Tuesday, 23 September 2014
Last updated 8 hours ago
Feb 28 2008 | 1:00am ET
New York-based Deister Capital Management is prepping its maiden hedge fund, a credit-focused offering that it promises will be unique from other offerings in the market.
Founder Hilmar Schaumann, who is looking to exploit opportunities in individual corporate credits via credit default swaps, believes he’s catching the market and investors at the right time.
“This is the best environment for us because investors have gotten burned by long exposures through structured products, and they’re really looking for an alternative,” he said.
The Deister Capital Master Fund’s concentrated short bets will be in spill-off sectors from the recent crisis, while its long book will be very diversified, according to Shaumann, who thinks that the market-neutral fund will stand out among its long-biased peers.
“We have a unique portfolio structure that allows us to generate positive convexity in the portfolio,” Schaumann said. “We can benefit from widening spreads if there’s volatility or a sell-off in the market so we’re different from traditional credit hedge funds because historically they’ve always been long or long-biased.”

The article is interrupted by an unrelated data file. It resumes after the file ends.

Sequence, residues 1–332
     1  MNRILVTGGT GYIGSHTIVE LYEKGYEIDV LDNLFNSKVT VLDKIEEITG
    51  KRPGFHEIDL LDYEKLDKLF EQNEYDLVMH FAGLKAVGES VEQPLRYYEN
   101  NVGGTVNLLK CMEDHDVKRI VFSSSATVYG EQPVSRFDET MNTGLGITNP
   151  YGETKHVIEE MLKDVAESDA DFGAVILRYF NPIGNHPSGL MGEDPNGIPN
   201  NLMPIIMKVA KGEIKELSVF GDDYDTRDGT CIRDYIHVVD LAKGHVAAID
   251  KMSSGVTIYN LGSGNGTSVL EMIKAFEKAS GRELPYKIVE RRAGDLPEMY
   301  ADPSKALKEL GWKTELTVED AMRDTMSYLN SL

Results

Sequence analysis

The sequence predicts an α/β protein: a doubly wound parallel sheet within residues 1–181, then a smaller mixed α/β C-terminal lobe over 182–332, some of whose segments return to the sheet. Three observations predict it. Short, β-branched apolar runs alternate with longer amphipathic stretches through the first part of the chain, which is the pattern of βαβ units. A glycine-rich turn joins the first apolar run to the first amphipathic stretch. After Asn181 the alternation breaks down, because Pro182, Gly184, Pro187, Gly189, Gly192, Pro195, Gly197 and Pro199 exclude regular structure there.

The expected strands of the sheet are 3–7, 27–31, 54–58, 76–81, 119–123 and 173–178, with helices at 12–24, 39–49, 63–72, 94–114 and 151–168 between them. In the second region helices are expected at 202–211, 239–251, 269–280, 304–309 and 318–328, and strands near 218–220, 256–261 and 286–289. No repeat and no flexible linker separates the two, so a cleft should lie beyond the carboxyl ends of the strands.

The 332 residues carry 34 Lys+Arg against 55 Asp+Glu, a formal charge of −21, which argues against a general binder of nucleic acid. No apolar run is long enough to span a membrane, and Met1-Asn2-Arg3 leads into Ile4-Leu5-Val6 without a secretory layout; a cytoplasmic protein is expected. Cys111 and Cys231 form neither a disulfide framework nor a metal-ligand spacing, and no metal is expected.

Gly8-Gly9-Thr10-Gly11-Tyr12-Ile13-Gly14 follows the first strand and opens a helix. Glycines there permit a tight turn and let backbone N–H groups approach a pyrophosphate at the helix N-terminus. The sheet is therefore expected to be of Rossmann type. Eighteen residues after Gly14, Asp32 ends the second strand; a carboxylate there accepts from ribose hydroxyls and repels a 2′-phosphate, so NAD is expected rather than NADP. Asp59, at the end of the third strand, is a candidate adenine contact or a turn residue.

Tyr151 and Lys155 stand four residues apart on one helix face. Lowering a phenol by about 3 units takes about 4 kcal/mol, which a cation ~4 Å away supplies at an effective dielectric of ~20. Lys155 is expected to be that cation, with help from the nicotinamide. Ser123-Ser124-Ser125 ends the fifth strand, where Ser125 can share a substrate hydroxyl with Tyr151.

Schaumann plans to launch the fund with an amount that is significant enough to allow it to be a major participant in the market, but declined to specify on the amount. The fund charges 2% management fee and a 20% incentive fee.
Prior to founding Deister Capital last year, Schaumann served as chief investment officer of Primus Financial Products and head of long/short credit trading at Swiss Re Financial Products.
Sep 22 2014 | 4:15pm ET
"I tell people that everybody likes good news and so if you have good performance that’s wonderful,” explains Mike McKitich, CIO of Petty Endowment, “but it’s the people that want to talk about the bad news or where they drifted and how they came back and how they stayed to their discipline…” that he wants to hear from. Read more…
Aug 25 2014 | 11:21am ET
As many of you know, FINalternatives was recently acquired by the owners of Futures magazine, a firm called The Alpha Pages LLC. Today marks the soft-launch of a new sister site for both publications. As its name suggests, The Alpha Pages will cover all types of alternative investments, going far beyond the more well-known ones such as hedge funds and private equity. Read more…
Credit default swaps brought down the London Whale and cost JPMorgan $6.2 billion. Here is how it happened.